Critics are falling over themselves with praise for Dunkirk, Christopher Nolan's epic new war movie.

Many say it might be the Batman director's best yet.

The film, which launches in theatres here this Thursday, is a cinematic retelling of a World War II event in which Allied forces were trapped on a beach in Dunkirk then rescued by civilian ships.

It stars Harry Styles, Tom Hardy and Jack Lowden, and is Nolan's first film since three excellent Batman movies and 2014's epic space opera Interstellar.

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A scene from Dunkirk, Christopher Nolan's new war film that's getting rave reviews.
A scene from Dunkirk, Christopher Nolan's new war film that's getting rave reviews.

If you're wondering if it can live up to Nolan's legacy, don't worry, it can.

After 40 reviews, Rotten Tomatoes has given Dunkirk a whopping 98 per cent approval rating.

Here's what critics are saying about it.

"Nolan has crafted a tight, gripping, deeply involving and unforgettable film that ranks about the best war movies of the decade."
-Richard Roeper, Chicago Sun-Times

"Christopher Nolan's epic isn't just the best film of his career, but one of the best war movies in decades."
-Joanna Langfield, The Movie Minute

A scene from Dunkirk, Christopher Nolan's new war movie.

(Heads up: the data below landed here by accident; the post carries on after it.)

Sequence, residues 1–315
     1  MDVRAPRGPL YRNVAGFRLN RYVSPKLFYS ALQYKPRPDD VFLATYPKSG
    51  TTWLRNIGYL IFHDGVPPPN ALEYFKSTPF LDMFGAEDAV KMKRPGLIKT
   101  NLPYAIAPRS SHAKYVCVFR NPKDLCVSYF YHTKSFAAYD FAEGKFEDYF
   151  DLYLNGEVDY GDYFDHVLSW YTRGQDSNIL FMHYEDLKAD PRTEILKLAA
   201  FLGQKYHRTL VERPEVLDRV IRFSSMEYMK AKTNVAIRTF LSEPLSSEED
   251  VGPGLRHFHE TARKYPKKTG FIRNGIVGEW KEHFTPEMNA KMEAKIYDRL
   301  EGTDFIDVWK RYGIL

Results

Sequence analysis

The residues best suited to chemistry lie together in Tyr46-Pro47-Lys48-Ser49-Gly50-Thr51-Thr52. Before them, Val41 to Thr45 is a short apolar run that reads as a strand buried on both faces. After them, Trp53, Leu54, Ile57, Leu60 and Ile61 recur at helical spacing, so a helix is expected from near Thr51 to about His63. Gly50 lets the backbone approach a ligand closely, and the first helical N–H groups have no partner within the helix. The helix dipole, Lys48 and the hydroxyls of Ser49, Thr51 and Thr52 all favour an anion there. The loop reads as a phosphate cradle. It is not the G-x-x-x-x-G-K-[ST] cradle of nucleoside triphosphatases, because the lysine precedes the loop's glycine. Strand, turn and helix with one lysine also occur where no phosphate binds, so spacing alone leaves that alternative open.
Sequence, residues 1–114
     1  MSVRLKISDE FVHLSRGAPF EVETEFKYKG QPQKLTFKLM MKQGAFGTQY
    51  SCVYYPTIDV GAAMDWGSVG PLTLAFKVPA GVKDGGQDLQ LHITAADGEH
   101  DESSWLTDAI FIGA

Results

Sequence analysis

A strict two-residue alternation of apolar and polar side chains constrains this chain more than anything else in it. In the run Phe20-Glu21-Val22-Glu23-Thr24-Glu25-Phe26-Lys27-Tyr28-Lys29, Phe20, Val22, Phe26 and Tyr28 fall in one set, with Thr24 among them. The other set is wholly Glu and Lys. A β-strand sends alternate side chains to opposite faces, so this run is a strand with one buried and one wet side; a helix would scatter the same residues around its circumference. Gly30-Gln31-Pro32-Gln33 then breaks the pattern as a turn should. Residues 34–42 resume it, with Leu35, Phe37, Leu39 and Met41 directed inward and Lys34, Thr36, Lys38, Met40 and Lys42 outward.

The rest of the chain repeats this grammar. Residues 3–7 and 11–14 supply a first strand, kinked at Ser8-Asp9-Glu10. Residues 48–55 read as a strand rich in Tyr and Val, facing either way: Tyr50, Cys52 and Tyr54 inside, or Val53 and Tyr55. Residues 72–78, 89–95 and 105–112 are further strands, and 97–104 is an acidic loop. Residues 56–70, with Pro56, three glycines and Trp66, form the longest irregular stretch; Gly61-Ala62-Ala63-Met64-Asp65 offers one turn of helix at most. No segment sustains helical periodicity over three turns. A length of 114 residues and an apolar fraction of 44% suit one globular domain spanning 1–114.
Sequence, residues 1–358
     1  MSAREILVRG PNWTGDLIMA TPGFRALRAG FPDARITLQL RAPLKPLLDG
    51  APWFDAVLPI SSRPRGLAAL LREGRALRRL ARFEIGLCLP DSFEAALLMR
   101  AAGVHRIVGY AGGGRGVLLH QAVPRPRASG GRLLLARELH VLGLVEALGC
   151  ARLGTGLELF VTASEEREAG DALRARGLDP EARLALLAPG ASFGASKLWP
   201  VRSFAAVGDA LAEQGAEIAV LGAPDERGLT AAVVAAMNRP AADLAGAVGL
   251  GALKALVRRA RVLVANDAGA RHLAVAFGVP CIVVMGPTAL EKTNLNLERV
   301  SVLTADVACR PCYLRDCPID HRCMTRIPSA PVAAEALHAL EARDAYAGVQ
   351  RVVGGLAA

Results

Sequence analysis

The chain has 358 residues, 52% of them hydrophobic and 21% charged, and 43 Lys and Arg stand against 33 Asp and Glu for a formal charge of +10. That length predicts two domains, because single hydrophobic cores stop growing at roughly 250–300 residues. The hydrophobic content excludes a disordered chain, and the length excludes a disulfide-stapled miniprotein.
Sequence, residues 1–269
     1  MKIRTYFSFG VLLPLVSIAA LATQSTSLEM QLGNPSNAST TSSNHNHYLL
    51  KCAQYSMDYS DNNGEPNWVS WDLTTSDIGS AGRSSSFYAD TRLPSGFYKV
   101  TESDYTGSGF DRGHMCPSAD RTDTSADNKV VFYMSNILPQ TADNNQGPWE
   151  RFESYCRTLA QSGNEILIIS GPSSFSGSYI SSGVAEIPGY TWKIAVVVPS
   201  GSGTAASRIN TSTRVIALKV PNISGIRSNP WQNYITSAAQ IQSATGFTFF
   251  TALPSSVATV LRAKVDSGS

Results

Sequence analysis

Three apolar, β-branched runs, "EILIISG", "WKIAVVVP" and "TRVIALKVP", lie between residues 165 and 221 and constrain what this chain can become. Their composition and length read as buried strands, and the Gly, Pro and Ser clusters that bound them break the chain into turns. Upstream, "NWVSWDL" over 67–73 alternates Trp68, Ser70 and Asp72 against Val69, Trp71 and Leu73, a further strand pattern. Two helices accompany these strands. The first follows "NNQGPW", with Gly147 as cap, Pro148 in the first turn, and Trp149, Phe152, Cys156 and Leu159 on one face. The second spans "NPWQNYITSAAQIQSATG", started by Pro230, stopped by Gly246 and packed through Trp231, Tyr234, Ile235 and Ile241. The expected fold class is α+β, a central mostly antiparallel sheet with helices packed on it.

A scene from Dunkirk, Christopher Nolan's new war movie.

"Sensational in every sense of the word; it aims for both the heart and the head, to be sure, but arrives there via the central nervous system."
-Alonso Duralde, TheWrap

"This is Nolan's finest film to date, an immersive and emotional masterpiece and a superb return to form."
-Chris Hunneysett, Daily Mirror

"Effectively one enormous, stunningly rendered and thunderously intense set-piece stretched to feature-length, Dunkirk thrusts you into a pressure cooker and slams the lid on."
-Nick De Semlyen, Empire Magazine

"The nerve-racking war thriller Dunkirk is the movie Christopher Nolan's entire career has been building up to, in ways that even he may not have realized."
-Bilge Ebiri, Village Voice

DID YOU KNOW...

In a bid to make the film look as "real" as possible, Nolan used a real-life naval destroyer instead of CGI. He also used cardboard cut-outs of soldiers and vehicles in battle scenes.